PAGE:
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Dunne speaks: Electoral Financing Rules Not Working

A perennial undercurrent of recent general election campaigns has been the issue of party fundraising. With the emerging controversies this year over the shadowy role of the New Zealand First Foundation and the Serious Fraud Office’s decision to prosecute four individuals over the way in which a since returned donation to the National Party was accounted for, this year’s election campaign promises to be no different.

The Electoral Act contains a number of very specific provisions about how political parties and candidates are to account for the funds they raise, and the Electoral Commission has played a role in policing those. However, their specificity and the petty nature of many of the requirements has led parties and candidates over the years to explore various imaginative ways of getting around them or minimising their impact.

At the same time, parliamentary parties have similarly sought to maximise their electioneering opportunities from their Parliamentary funding to supplement whatever funds they raised externally. And they have become equally inventive and skilled in this regard. Over the latest summer, for example, Labour MPs ran billboards sporting large smiling photos of themselves promoting a banal and obvious message to drive safely over the holidays. This had nothing to do with road safety at all, but everything to do with promotion of the MPs concerned at the start of election year, and all within the rules at the taxpayers’ expense. National MPs have been no less diligent – the glossy electorate newsletters featuring a series of awkwardly staged photographs, and even more trite questionnaires “to find out what you think” are just as much about promoting the MPs they feature, as are the Labour billboards. The implicit notion that through these devices both Labour and National are “communicating” with those they seek to represent is as facile as it is fatuous.

In 2006, after the uproar over Labour’s taxpayer funded “Pledge Card” at the 2005 election the then Auditor-General conducted an investigation into expenditure of public funds by Parliamentary parties and concluded that most parties were spending their public funding improperly. That was ultimately self-defeating. While it led to a further arbitrary tightening of the rules, it also set off a new round of devices being employed by MPs to get around them.

Now I am not arguing against the corny billboards or the trite newsletters, per se – MPs must be able to promote themselves, their activities and their views to their constituents to enable a fair assessment of their worth come election time. But I am saying that the current plethora of Parliamentary and electoral rules are a nonsense that do more to encourage developments like the creation of institutions like the New Zealand First Foundation, or the breaking up of donations into smaller amounts to stay below a legislative threshold, than they do to eliminate them. While the rules may be a bureaucrat’s dream, giving more power than could ever be considered reasonable to petty non-elected officials like those who populate the Electoral Commission, they simply do not work, as current events show.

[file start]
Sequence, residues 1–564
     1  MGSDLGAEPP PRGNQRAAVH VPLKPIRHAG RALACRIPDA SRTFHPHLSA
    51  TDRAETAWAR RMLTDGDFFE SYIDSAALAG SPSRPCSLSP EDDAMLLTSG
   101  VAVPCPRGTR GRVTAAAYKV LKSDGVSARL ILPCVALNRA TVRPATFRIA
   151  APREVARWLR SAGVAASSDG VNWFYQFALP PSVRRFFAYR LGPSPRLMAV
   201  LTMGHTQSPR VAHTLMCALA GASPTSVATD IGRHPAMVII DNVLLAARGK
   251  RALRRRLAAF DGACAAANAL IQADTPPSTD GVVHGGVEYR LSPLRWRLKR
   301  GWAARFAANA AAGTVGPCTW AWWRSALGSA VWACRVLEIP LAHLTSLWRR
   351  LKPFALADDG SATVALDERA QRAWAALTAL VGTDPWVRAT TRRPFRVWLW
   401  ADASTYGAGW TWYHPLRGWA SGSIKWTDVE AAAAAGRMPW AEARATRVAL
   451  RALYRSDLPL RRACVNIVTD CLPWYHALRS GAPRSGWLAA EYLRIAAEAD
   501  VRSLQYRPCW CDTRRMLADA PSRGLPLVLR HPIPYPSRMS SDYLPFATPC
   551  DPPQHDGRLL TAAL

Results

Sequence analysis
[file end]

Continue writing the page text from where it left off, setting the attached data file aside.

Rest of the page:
There is an obvious and simple solution to this that politicians who love preaching personal responsibility for others should be prepared to adopt for themselves. Scrap all the rules regarding the use of their allocated Parliamentary funding by individual MPs and their parties and replace them with a simple requirement for every MP and their party to file an annual audited return of their specific Parliamentary expenditure. The public would quickly prove to be far better monitors of what was reasonable use of public funds by politicians than any set of confusing, ambiguous and often contradictory Parliamentary rules could ever be.

At the same time, all the financing provisions of the Electoral Act could be abolished and replaced with one simple overarching provision: every donation made to a candidate or a political party, whether in kind or cash, from overseas or within New Zealand, whether it be $1 or $1,000,000, should be fully disclosable. This would place the onus fairly and squarely on the party or candidate to be absolutely transparent about whom and where they were receiving contributions from, while at the same time protecting their freedom of choice and association.

The chances of this happening are close to zero, as no party, however much it might like to lecture others on the subject, would ever submit to that level of transparency. Nor could the electoral officials and associated academic and legal fusspots who love nit-picking over these issues even tolerate the notion that people other than them could ever be trusted to be accountable in this way. Their whole careers have been built after all on their smug self-belief they know what is best for others.

So, the more the rules are tightened and tinkered with, the more bureaucratic checks that are imposed, the one certainty is the more politicians and political parties will simply engage in even more elaborate ways of getting around them. And the more we should come to expect election years being clouded by the types of funding controversies we are seeing already this year.

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